The Mountland project was in part supported by the Bois Chamblad Foundation. This study sought to understand how mountain pastures will adapt to climate change. The reseach team collected 600 soil monoliths at an altitude of about 1400 m (Col du Marchairuz) in three habitats with different sunlight conditions. These were then transplanted them to sites at lower altitudes, including Bois Chamblard, with its milder and drier climate. This process made it possible to artificially simulate global warming.
A careful analysis of species diversity, plant biomass, soil respiration and microorganisms has made it possible to measure the adaptive capacity of mountain ecosystems to drought and increasing reported temperatures. A 30% decrease in species diversity was observed, as well as a 45% decrease in biomass.
During the summer season and with drought, plant growth and soil biological activity were generally reduced. The potential for climate stress resistance of mid-mountain pastures has been shown to be lower for non-forested habitats. A significant loss of dissolved carbon was observed in the drainage waters. During winter, the absence of an insulating snow layer at lower elevations, which can make soils colder, limits abundance and microbial activity, as well as soil respiration.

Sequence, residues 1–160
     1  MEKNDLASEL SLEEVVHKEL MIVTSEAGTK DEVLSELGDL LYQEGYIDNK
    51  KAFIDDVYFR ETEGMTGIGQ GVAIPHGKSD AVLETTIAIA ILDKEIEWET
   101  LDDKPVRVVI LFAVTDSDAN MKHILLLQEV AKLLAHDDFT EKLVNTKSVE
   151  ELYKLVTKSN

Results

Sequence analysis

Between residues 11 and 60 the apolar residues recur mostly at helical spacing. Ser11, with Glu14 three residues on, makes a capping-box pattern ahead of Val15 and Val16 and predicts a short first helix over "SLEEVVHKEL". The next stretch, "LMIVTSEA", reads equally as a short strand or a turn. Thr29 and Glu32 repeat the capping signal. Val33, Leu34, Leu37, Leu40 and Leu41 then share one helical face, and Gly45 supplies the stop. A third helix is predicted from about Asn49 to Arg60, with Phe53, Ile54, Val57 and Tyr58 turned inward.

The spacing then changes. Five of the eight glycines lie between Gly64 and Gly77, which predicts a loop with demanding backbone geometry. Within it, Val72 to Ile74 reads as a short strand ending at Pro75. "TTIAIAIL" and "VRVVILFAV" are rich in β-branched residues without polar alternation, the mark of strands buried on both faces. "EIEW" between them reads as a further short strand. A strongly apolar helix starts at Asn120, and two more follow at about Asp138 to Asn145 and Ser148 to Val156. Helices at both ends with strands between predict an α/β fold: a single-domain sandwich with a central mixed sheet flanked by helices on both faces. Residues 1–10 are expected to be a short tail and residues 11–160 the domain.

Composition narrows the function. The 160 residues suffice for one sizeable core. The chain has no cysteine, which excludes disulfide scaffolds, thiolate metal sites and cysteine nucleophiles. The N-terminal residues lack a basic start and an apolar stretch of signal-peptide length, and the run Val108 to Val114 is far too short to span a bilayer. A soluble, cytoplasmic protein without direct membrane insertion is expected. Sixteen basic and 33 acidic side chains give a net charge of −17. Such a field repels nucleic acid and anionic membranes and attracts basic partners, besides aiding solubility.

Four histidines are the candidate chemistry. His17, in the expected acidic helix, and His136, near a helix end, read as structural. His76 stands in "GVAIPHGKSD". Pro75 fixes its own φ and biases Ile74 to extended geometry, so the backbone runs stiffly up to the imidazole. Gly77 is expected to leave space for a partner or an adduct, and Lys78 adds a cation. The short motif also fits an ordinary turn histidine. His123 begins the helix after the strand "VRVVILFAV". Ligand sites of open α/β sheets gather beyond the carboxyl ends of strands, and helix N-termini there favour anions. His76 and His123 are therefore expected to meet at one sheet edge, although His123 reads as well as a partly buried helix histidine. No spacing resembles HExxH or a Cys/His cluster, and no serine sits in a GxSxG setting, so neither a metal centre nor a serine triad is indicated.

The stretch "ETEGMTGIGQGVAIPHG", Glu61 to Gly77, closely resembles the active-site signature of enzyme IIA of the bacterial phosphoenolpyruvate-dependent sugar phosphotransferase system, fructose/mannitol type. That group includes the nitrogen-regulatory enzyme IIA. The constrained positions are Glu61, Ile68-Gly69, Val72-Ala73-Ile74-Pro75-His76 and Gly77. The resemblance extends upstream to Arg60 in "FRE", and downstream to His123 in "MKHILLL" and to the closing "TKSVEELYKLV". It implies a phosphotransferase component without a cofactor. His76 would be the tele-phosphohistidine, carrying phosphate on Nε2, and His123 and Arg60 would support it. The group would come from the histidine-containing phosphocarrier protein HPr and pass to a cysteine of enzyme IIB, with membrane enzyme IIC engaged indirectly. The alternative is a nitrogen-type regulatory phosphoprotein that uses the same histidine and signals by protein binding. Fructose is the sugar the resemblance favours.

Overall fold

In addition to a thesis, scientific publications and master’s studies, the Mountland project has generated fruitful collaborations with France (University of Grenoble), the Federal Institute for Research on Forests, Snow and Landscape WSL and the ETH Zurich.